GUEST POSTS: NSTA Linking Literacy, NSTA National Convention, Boston, MA. 9 am – 3 pm, April 4, 2020.
The National Science Teacher’s Association has invited authors of Outstanding Science Trade Books and Best Stem Books to discuss literacy and children’s books at a special Literacy Event. 14 of these authors have contributed guest posts to run from January 7 – April 2, 2020.
See the full author list and the date on which they’ll post at Linking Literacy 2020.
Classifying Science Books for Kids
Recently, I had a chance to read “The Durable, Dynamic Nature of Genre and Science: A Purpose-Driven Typology of Science Trade Books” by Professor Laura May and five of her Georgia State University colleagues. The article appeared in the September 2019 issue of Reading Research Quarterly, which is published by the International Literacy Association.
I’ll be honest. The title gave me absolutely no hint of what the article was about, but I trusted the person who sent it to me, and the term “science trade books” sounded promising. So I decided to give it a whirl, and boy am I glad I did.
The article describes a study in which the six researchers read and analyzed the 400 children’s books that appeared on the National Science Teachers Association’s (NSTA) Outstanding Science Trade Books for Students K-12 (OSTB) list between 2010-2017. This list includes fiction, nonfiction, and poetry titles.
2 Function-based Categories of Science Books for Children
In a nutshell, the researchers identified two broad, function-based categories of science books for children:
Accepted Knowledge: These books explain/describe
widely-accepted science knowledge or concepts and typically have an expository
Lived Lives of Scientists: These books explore the nature of science or scientific inquiry (how people develop and change scientific understandings). They feature a narrative writing style and generally have a chronological sequence text structure.
The researchers divided each of these categories into various subgroups, which they call “genres.” Overall, the “typology” the researchers developed to better understand the range of OSTBs has a lot in common with my 5 Kinds of Nonfiction classification system, which is both exciting and reassuring.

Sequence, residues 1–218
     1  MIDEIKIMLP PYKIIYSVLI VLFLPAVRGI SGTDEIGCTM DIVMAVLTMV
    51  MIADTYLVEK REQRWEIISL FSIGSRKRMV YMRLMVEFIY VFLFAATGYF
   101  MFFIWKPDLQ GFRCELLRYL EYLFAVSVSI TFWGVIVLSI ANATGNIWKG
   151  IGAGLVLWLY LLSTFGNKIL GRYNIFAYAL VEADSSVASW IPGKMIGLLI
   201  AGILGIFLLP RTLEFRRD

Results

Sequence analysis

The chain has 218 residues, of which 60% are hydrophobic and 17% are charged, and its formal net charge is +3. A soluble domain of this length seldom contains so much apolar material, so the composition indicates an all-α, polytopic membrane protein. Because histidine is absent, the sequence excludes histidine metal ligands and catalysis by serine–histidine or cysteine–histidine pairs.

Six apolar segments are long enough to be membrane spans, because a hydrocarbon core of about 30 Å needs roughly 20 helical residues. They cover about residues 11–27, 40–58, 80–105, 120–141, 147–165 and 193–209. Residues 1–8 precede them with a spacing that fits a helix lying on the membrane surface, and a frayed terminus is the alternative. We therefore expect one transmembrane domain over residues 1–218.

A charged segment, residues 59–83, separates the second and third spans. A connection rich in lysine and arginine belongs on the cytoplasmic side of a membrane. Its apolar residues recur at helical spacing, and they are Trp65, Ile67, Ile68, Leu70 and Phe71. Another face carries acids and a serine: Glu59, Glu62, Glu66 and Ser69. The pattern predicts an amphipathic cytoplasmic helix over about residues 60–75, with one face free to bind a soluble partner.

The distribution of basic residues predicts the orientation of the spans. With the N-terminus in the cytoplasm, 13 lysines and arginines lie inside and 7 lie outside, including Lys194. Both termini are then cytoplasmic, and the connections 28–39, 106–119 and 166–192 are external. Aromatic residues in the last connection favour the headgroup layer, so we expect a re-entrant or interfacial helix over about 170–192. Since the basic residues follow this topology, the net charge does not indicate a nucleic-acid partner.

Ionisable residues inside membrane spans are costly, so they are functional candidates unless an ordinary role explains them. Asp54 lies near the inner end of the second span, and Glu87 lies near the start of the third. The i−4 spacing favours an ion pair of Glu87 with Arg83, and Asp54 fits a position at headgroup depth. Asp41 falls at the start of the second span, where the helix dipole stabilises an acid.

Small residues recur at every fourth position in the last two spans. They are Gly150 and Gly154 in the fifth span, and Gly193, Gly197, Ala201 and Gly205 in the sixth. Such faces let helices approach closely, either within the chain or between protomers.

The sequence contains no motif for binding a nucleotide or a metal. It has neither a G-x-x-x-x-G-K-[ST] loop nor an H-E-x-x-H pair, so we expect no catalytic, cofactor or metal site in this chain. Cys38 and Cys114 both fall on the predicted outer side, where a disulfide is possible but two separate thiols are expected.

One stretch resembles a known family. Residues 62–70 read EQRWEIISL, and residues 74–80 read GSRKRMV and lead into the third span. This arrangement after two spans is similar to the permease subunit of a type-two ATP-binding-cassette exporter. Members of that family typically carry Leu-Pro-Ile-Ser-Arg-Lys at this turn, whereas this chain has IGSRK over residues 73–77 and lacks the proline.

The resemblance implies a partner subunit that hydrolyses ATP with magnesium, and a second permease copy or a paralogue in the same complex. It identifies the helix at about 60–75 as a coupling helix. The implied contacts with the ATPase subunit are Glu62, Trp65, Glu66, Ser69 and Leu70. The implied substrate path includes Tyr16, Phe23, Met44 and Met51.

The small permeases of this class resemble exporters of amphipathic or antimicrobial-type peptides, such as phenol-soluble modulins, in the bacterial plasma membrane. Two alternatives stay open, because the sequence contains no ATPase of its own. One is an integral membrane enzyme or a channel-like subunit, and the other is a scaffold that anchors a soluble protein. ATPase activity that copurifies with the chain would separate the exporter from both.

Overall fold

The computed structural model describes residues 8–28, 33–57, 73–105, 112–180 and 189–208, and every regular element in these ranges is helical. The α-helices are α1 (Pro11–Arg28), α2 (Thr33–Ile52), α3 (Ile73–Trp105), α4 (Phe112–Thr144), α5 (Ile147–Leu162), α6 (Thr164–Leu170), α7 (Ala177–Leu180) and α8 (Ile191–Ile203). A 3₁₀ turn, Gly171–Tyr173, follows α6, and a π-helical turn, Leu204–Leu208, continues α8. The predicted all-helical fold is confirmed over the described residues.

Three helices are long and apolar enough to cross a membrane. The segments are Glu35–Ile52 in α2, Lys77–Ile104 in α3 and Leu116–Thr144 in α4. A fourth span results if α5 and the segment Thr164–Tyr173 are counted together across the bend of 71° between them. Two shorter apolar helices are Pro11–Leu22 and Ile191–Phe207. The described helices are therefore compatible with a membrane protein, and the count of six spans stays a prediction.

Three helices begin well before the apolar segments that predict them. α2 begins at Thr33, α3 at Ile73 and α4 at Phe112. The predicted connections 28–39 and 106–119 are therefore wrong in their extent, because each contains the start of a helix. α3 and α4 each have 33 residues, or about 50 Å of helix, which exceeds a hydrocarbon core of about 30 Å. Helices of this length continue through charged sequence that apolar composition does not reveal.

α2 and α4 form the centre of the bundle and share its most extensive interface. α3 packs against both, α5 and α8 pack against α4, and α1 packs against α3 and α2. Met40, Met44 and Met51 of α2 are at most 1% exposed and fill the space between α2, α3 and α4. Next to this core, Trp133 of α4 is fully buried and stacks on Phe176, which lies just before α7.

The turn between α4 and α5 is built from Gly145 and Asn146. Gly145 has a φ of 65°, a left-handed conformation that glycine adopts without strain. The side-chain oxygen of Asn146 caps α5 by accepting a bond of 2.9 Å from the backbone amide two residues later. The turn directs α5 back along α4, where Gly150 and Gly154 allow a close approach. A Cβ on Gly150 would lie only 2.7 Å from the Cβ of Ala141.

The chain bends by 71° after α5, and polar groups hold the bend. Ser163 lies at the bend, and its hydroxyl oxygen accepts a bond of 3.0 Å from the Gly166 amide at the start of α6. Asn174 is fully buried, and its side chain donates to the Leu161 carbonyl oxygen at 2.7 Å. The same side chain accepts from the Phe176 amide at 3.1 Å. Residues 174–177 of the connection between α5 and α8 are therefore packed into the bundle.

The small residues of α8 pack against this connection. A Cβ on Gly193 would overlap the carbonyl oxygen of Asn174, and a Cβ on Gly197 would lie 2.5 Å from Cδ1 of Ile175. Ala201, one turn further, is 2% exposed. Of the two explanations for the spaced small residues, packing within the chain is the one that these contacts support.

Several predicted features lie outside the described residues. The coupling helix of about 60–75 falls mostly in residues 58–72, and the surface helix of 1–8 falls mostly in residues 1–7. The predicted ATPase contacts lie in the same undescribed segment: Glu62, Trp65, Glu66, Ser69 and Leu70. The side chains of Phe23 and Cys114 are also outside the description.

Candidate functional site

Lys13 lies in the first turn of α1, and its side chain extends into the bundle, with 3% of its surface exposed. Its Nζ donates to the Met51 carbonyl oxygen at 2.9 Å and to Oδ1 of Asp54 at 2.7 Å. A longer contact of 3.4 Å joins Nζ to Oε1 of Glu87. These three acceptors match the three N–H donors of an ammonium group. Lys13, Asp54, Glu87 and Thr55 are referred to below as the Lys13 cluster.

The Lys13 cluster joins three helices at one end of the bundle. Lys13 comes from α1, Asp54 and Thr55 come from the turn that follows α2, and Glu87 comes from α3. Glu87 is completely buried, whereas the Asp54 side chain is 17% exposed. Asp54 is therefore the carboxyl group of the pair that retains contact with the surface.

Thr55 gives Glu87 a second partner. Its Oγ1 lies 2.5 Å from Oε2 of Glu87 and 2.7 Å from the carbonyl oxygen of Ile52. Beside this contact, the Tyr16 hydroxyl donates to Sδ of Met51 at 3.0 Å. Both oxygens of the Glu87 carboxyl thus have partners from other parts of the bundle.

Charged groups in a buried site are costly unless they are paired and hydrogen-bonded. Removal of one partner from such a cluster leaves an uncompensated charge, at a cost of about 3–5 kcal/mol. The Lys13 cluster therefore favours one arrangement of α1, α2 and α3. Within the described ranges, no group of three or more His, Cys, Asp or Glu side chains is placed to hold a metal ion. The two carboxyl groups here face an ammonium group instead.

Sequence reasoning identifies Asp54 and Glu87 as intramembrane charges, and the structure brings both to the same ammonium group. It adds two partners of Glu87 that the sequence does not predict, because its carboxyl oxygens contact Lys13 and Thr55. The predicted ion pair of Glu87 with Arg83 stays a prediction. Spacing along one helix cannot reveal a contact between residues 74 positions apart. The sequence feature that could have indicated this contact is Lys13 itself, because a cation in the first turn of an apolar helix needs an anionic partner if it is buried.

According to the researchers, the takeaway for teachers is that they can and should “leverage science trade book genres to support the different components of science education.” In other words, all the OSTB books have educational value, but should be used in different ways based on their characteristics. While Accepted Knowledge books work well for introducing and reinforcing NGSS’s Disciplinary Core Ideas, Lived Lives of Scientists books are generally better suited for demonstrating the NGSS’s eight Science Practices in action.
But there’s also a takeaway for the creators of these books. The researchers’ genre categories reveal patterns, or trends, that are worth studying because they show what works. They provide an overview of the techniques children’s book writers have used to present the “what” and “how” of science in manuscripts that were acquired by publishers and then selected as models of excellence by NSTA’s panel of experts.
Thank you, Dr. May, for giving science writers a powerful new tool for thinking about how to organize the ideas and information we collect and then select a lens for sharing the science concepts and processes we’re passionate about with young readers.
Melissa Stewart is the award-winning author of more than 180 nonfiction books for children, including Pipsqueaks, Slowpokes and Stinkers: Celebrating Animal Underdogs, illustrated by Stephanie Laberis; Can an Aardvark Bark?, illustrated by Caldecott Honoree Steve Jenkins; and the upcoming title Seashells: More than a Home, illustrated by Sarah S. Brannen. Melissa’s highly-regarded website features a rich array of educational resources for teaching nonfiction reading and writing.